|Image of the Virgin of Charity of El Cobre|
In 1612, in a bay to the north of Cuba, a 10-year-old black slave named Juan and two indigenous young men had found her while rowing out to an island to harvest salt. Despite bad weather throughout the previous day, the 15-inch-tall wooden Virgin figurine bobbed serenely upon a plank on the sea, her dress miraculously dry and unruffled. The story of her discovery spread quickly. The faithful carried the wooden figure to the economic hub of El Cobre, where they constructed a shrine to hold her. The Christian iconography is hard to miss: She came to Cuba bearing the greatest of gifts—her own child—and appeared not to a priest or bishop, but to common men. She spoke not just to the aboriginal people, but also to the Spaniards, Creoles, and African slaves. The latter would assimilate her image into their Afro-Cuban Santería faith many years later. When Cubans fought the Spanish for independence in the late 19th century, she became a national symbol of the small island’s struggle against a mighty European superpower.Pope Benedict XV in 1916 granted the request of veterans of the war of Cuban Independence to name her the patron saint of Cuba. It also underlines the fact that Cuba's catholic roots long predate the current totalitarian communist nightmare.
The image is enshrined in the National Shrine Basilica of Our Lady of Charity of El Cobre, built in 1926 and situated in the village El Cobre, near Santiago de Cuba. The feast day of Our Lady of Charity is September 8; the solemn Nativity of the Blessed Virgin Mary.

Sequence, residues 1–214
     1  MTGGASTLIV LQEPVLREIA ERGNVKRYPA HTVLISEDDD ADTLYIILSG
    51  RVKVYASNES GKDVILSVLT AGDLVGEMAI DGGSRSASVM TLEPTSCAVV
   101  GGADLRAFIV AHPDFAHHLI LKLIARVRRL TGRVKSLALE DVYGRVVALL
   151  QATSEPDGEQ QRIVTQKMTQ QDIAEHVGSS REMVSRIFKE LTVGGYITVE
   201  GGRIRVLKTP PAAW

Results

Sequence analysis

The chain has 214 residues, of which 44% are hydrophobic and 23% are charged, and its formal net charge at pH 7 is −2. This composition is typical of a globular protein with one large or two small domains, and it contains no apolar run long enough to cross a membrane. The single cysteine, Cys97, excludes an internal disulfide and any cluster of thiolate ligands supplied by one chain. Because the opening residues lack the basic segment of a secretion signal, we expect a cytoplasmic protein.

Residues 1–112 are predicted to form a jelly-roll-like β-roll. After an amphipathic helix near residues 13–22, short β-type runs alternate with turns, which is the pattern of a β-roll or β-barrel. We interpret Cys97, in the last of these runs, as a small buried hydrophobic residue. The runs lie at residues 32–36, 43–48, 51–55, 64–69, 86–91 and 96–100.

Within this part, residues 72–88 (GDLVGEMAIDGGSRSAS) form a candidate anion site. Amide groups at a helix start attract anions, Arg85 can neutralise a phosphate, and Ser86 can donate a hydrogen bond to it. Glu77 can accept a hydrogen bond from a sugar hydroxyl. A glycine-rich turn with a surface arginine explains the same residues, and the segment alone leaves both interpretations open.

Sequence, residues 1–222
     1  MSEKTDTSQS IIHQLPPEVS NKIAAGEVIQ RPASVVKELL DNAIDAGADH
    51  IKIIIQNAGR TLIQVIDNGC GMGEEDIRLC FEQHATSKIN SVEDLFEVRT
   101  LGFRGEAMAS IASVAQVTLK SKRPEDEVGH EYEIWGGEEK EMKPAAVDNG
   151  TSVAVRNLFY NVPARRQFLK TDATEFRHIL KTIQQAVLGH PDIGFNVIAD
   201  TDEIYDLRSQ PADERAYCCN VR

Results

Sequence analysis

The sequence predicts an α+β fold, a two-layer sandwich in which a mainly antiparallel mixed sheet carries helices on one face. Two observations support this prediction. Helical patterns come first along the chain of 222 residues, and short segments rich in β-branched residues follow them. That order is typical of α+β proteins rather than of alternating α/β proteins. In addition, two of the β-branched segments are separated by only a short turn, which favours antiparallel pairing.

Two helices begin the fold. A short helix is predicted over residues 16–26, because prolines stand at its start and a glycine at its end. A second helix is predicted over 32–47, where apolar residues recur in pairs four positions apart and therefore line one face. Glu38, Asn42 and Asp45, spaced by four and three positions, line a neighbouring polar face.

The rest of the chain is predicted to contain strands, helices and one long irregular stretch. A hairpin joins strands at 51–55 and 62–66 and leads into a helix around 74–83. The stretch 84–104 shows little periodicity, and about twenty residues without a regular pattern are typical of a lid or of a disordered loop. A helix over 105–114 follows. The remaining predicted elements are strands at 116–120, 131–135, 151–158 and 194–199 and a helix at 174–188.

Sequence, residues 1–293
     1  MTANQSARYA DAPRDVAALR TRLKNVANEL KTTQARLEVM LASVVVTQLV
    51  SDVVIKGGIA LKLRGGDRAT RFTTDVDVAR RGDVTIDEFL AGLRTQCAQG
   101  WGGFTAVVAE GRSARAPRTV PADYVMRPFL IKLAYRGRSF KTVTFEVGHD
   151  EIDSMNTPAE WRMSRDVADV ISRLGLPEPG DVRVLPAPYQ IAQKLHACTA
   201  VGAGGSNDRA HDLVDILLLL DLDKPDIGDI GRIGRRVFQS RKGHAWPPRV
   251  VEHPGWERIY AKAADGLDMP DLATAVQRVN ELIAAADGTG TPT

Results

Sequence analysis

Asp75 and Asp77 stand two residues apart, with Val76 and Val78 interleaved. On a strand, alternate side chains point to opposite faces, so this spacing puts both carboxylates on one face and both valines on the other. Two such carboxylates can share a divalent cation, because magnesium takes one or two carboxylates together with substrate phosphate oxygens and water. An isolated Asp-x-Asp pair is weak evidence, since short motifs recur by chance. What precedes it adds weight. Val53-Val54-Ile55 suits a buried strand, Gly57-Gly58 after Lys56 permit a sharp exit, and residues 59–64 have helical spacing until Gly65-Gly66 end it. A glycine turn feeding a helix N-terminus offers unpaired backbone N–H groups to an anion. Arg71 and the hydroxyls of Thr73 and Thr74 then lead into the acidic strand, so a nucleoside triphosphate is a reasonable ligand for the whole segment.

A pre-eminent son of this land is Father Felix Varela, considered by many to be the foundation stone of the Cuban national identity. He is, in his own person, the best synthesis one could find of Christian faith and Cuban culture. An exemplary priest of Havana and on undeniable patriot, Father Varela was on outstanding thinker who in nineteenth century Cuba renewed the method and content of teaching in philosophy, law, science and theology. To generations of Cubans, he taught that to assume full responsibility for our existence we must first learn the difficult art of thinking in a right way and with our own mind. He was the first to speak of independence in these lands. He also spoke of democracy, judging it to be the political project best in keeping with human nature, while at the same time underscoring its demands. Among these demands, he stressed two in particular: first, that people must be educated for freedom and responsibility, with a personally assimilated ethical code which includes the best of the heritage of civilization and enduring transcendental values, so that they may be able to undertake decisive tasks in service of the community; and second, that human relationships, like the form of society as a whole, must give people suitable opportunities to perform, with proper respect and solidarity, their historic role giving substance to the Rule of Law, which is the essential guarantee of every form of human concourse claiming to be democratic.